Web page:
Thursday, October 27, 2011

A lesson in static

People are always talking about things as if things are different now than they were before. People are also usually saying something along the lines of "we ought to learn from history." But if I've learned one thing from history, it's that things don't change. It's like Ron Perlman narrating the Fallout introduction videos: "War never changes." And if Hegel is right that the quiet moments of history aren't historical at all - that they are ahistorical by volition of their quietude and peacefulness - then we may as well say, "History never changes."

That said, I do think there is a unified historical mover: technology. Feudal societies were built, more or less literally, on metal: weapons, tools and armour. Mercantilism and imperalism owed their rise to gunpowder and, hence, to ships-of-the-line. Ancient democracy slavery, and modern democracy the printing press; superpowerdom nuclear powerdom, and the Occupy movement, the Internet.

This is all to get to a certain, if rather circumlocutuos [sic] point: the Library of Fantasy and Science Fiction cancelled a buttload of anthologies yesterday, one of which was "Attack of the 50FT Book," to which I had contributed. I was unsurprised: my story was accepted in February and I'd heard little since then. I'd also noticed that, while the Library at one time had probably a dozen anthologies open for submissions, they'd utterly shut down new productions in the last few months.

They're also... well... "the Library of Fantasy and Science Fiction."

I appreciate what these guys are trying to do, but it's interesting to notice that there are a lot of semi-professional publishers now doing what any semi-professional writer can: bump their work via Amazon, Smashwords, and Barnes & Noble. My latest release was with Bards & Sages Quarterly, and - though it's a great review - it's quite literally an e-book with a .jpeg cover. I could've done it; so could you. I do do it, regularly, with my own ebooks.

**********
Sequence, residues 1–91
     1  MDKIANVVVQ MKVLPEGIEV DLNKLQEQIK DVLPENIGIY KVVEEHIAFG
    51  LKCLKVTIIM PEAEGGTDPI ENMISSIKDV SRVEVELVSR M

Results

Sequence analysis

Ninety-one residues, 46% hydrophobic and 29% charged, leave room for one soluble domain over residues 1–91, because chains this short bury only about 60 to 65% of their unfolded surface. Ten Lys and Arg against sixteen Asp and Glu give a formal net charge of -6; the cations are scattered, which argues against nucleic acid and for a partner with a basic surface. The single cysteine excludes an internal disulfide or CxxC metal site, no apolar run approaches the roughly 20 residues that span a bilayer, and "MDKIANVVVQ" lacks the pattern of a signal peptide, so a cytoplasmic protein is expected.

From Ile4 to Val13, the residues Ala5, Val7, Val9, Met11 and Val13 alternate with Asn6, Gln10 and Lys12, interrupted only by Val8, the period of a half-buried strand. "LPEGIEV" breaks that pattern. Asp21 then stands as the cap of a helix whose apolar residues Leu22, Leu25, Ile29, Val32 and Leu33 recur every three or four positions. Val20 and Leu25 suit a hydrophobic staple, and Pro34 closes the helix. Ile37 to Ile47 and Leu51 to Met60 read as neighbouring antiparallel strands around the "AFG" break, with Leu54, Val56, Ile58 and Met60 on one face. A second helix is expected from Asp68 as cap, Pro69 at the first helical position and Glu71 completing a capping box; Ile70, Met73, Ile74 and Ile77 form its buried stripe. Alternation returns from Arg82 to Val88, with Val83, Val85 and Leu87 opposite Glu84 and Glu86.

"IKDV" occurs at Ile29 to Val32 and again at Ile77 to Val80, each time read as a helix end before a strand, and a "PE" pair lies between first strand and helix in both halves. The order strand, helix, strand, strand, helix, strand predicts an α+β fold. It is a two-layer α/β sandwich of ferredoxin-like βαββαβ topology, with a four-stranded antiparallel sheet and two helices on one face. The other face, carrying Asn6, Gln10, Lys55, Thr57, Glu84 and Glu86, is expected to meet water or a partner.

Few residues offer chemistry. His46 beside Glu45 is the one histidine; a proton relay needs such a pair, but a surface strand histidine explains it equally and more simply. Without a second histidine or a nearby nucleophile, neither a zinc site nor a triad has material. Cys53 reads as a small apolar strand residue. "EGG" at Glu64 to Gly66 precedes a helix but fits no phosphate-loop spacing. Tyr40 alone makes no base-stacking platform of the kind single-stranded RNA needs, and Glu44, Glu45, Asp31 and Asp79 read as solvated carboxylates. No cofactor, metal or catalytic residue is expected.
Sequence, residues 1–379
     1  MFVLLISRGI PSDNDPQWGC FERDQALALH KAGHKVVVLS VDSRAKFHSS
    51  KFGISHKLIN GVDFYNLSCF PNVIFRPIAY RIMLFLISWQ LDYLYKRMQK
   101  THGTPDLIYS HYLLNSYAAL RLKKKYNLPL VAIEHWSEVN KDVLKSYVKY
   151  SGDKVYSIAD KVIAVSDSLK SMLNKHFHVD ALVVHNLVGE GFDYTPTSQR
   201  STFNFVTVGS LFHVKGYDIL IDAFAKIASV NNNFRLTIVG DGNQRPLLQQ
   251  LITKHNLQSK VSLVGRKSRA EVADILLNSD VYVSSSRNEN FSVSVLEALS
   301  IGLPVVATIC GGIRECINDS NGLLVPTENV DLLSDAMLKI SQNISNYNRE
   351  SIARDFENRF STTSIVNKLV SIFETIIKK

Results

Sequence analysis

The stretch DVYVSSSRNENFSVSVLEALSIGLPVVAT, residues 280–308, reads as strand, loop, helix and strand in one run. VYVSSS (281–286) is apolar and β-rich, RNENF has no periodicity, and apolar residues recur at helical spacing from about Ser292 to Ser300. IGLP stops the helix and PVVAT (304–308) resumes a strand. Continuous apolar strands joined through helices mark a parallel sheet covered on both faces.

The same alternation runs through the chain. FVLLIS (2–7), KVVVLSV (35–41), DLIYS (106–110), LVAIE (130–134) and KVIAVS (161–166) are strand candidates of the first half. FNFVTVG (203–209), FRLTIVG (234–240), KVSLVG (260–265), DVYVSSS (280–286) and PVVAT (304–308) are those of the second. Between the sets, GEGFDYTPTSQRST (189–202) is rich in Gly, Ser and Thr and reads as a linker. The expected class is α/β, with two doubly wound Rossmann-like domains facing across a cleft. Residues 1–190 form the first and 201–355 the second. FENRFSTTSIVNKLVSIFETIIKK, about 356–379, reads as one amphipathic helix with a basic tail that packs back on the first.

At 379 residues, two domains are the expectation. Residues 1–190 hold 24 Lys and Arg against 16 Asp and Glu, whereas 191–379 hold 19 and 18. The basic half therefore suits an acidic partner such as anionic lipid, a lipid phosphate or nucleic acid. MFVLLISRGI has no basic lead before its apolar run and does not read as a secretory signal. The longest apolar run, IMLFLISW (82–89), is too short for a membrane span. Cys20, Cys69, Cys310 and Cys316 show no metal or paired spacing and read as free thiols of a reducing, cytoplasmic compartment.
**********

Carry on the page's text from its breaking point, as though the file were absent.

And this is all to get to: mi hombre Alex Kane's reflections on the matter (and pardon my utter butchery of the Castilian). Alex chews out those writers who are so desperate for publication that they'll accept token payments or even help out with production costs to see the anthologies go to print. "Dammit, writers, stop giving away your work for free. Writers get paid[!]" he says (my exclamation).

I agree with Alex. But I'm also going to take it one step further and tie this shit all together. The advent of ebook technology is not a historical movement as such, but a technological advance that enlarges the sphere of publishing hucksters. Vanity publishers have been around a long time: writers paying to produce their own books, and then buying the remainders (i.e. the entire stock) from the publisher, still happens. When I worked at the Canada Council for the Arts, we were right across the street from Baico, a self-publisher who advised their writers (i.e., their patsies) to come up and ask us for grants. Then we had to explain to Baico's clients how they weren't eligible for grants, because they aren't real (viz., professional) writers.